You think Mother Nature was finished tormenting the 2017 NCAA Championship? Not a chance.
With two tense semifinals well under way, a thunderstorm hit Rich Harvest Farms in Sugar Grove, Ill. Tuesday afternoon. The players were able to return to the course, but neither finalist is determined yet.
Stanford, No. 1 in the latest Golfstat rankings, is so close to a third straight trip to the final match, the Cardinal can taste it. But it is not over yet.
Stanford has a 2-1 lead over Pac-12 rival Arizona State, ranked seventh, and Albane Valenzuela, a freshman from Switzerland, is in the fairway on the 18th hole of the 6,343-yard, par-72 Rich Harvest Farms layout with a 1-up lead on the Sun Devils’ Monica Vaughn, a senior from Reedsport, Ore. who claimed the individual title Monday.
The fifth match between Stanford’s Madie Chou, a freshman from Santa Ana, Calif., and Arizona State’s Linnea Strom, a sophomore from Sweden and the No. 11 player in the Women’s World Amateur Golf Ranking, is all square through 16. Matches will continue to extra holes if necessary to determine a winner.
This match had top 20 players in the Women’s World Amateur Golf Ranking all over the place. The Valenzuela-Vaughn match pitted Nos. 3 and 15, respectively.
Arizona State’s Olivia Mehaffey, a freshman from Ireland who is No. 9 in the WAGR, got a point for the Sun Devils with a hard-fought 2 and 1 victory over Andrea Lee, a freshman from Hermosa Beach, Calif. who is No. 8 in the WAGR.
Stanford got two points from its two veterans of its runs to the final match in 2015 and 2016, the first two years the NCAA incorporated match play into the championship.
Casey Danielson, a senior from Osceola, Wis., claimed a 3 and 2 win over Sophia Zeeb, a junior from Germany, and Shannon Aubert, a junior from Stuart, Fla., earned a 4 and 3 victory over Roberta Liti, a junior from Italy.
It looks like it will be an all-Pac-12 final with No. 6 Southern California leading in four matches against No. 12 Northwestern in the other semifinal. But this one is far from over.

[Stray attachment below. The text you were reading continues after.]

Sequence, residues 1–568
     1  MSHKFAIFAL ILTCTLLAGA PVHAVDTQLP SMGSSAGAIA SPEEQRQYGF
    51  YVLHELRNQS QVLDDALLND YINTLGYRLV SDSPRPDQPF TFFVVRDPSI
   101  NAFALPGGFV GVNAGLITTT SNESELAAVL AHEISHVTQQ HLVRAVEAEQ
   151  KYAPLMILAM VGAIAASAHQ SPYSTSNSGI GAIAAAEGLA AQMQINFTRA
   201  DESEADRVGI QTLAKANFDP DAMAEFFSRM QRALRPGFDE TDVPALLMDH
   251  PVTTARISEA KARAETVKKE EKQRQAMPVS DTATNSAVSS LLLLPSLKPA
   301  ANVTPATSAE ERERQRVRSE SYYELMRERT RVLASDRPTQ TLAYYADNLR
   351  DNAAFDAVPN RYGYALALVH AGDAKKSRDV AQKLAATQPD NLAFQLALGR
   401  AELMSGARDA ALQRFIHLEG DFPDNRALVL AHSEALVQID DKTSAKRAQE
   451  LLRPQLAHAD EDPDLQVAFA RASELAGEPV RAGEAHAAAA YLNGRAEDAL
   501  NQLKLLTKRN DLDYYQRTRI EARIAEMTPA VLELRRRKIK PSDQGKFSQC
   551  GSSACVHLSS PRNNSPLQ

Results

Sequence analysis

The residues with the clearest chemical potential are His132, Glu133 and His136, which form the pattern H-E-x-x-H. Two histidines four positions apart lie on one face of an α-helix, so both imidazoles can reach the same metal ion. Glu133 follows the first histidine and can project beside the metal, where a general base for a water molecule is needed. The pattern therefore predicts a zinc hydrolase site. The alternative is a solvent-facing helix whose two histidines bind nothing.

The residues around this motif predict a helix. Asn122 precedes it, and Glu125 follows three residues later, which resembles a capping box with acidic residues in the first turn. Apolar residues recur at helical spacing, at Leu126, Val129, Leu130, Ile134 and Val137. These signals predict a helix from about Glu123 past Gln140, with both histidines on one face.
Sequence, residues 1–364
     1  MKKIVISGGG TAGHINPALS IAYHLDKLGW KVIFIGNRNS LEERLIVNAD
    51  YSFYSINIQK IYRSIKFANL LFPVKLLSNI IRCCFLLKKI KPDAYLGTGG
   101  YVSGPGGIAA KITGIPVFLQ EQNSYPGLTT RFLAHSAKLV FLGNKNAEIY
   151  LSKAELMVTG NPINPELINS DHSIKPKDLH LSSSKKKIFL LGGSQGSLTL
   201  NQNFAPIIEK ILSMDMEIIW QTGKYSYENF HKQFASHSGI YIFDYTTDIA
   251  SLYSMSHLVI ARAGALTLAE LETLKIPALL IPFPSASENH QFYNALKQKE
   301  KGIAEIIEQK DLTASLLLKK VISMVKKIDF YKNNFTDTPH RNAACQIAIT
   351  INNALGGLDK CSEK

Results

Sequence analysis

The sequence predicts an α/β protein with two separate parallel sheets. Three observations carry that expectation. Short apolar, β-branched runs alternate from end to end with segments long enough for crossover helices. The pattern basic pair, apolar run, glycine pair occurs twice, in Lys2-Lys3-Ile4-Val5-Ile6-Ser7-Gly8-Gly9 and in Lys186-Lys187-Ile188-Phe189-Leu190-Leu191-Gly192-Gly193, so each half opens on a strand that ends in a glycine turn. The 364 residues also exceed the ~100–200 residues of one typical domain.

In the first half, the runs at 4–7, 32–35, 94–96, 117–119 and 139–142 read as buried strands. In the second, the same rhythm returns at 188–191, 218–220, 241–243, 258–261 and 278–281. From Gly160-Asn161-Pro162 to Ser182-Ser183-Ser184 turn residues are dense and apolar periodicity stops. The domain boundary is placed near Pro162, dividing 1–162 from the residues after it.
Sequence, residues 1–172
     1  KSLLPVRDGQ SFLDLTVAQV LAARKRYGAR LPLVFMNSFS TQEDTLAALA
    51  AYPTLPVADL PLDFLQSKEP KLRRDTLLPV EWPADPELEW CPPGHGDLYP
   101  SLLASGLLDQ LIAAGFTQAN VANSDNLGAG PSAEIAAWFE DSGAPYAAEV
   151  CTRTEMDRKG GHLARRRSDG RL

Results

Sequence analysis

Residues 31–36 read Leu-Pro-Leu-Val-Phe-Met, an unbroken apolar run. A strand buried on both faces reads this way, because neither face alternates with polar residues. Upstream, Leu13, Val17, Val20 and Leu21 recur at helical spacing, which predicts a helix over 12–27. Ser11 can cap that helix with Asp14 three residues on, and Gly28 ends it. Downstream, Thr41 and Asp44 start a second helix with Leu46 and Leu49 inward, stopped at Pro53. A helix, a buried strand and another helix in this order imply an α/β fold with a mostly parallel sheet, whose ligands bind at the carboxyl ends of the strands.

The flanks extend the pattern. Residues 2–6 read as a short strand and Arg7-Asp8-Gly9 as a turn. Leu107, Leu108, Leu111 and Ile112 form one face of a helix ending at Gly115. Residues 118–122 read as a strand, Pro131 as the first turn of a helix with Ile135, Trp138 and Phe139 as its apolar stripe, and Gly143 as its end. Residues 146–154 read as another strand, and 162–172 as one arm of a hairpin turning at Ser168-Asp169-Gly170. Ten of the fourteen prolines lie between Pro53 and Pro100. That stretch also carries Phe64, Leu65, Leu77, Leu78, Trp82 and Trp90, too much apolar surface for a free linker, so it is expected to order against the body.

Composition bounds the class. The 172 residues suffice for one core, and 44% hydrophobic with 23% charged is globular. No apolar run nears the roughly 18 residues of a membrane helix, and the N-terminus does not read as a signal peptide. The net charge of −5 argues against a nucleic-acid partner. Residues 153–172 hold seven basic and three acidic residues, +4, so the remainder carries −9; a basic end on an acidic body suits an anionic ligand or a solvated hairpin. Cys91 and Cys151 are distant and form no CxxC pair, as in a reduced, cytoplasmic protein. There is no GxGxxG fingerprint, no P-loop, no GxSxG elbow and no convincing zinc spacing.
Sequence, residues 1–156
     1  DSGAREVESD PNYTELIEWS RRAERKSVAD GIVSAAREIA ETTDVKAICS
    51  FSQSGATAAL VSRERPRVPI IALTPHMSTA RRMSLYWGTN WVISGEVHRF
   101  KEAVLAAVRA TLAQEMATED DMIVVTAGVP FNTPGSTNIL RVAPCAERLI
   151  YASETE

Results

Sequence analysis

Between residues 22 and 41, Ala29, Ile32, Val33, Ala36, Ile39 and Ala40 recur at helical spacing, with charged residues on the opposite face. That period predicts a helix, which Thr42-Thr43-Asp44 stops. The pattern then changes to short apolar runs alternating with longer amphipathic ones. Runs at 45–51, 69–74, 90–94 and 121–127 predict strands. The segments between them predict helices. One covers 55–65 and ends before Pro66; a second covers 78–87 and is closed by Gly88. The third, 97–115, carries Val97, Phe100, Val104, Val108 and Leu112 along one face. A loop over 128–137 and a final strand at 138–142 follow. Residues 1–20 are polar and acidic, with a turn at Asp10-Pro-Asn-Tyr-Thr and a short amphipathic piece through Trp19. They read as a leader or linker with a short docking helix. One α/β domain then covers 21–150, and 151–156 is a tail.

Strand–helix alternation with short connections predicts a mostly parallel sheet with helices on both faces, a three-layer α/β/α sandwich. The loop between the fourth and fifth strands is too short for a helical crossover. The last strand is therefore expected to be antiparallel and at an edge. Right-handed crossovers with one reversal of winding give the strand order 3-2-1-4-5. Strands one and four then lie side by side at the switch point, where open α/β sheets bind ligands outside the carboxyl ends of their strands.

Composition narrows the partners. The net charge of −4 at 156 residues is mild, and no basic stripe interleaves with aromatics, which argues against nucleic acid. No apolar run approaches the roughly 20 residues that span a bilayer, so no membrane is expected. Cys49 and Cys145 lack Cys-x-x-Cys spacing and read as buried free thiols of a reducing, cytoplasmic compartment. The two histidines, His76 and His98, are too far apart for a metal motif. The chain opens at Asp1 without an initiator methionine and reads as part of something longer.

Southern Cal’s Robynn Ree, a sophomore from Redondo Beach, Calif., holds a 1-up lead over Hannah Kim, a junior from Chula Vista, Calif., through 14 holes, Muni He, a freshman from San Diego, has a 2-up lead on Northwestern’s Kacie Komoto, a senior from Honolulu, Hawaii, through 13 holes, Southern Cal’s Gabriella Then, a senior from Rancho Cucamonga, Calif., leads Janet Mao, a sophomore from Johns Creek, Ga., 1-up through 12, and Tiffany Chan, a senior from Hong Kong, leads Northwestern’s Stephanie Lau, a sophomore from Fullerton, Calif., 1-up through 11.
Northwestern’s Sarah Cho, a junior from San Diego, leads Victoria Morgan, a redshirt senior from Pasadena, Calif., 1-up through 15.
Despite the brutal conditions that have plagued the tournament since Day 1’s rain and wind-chills in the high 30s, Southern California completed the group of three Pac-12 teams out of the four semifinalists with a hard-fought 3.5-1.5 victory over No. 25 Ohio State in the last of the morning quarterfinal matches.
Ree pulled out a 1-up decision over the Buckeyes’ Rio Watanabe, a redshirt junior from Japan, and Chan edged Katja Pogacar, a senior from Slovenia, 1-up to account for two key points.
Ohio State’s Jaclyn Lee, a sophomore from Canada, battled Then on even terms through 19 holes before the match was called when the Trojans won their third point.
Southern Cal also got a full point from Morgan, who claimed a 4 and 3 victory over Niki Schroeder, a sophomore from Avon Lake, Ohio.
Jessica Porvasnik, a senior from Hinckley, Ohio, capped her outstanding career at Ohio State by earning a point with a 5 and 4 win over He.
On paper, it looked like the quarterfinal between Arizona State and No. 3 Florida might be the most competitive, but the Sun Devils turned it into a 5-0 rout as Mehaffey, Vaughn, Zeeb, Liti and Strom all won.
Stanford earned a 3-2 win over No. 17 Baylor behind wins from Valenzuela, Lee and Danielson.
No. 14 Kent State put up a good fight before falling, 3-2, to Northwestern, which had earned the top seed in match play through 54 holes of stroke play. The winners for the Wildcats were Cho, Komoto and Kim.
The finalists will be determined early Wednesday morning and a champion will be crowned later Wednesday, weather permitting of course.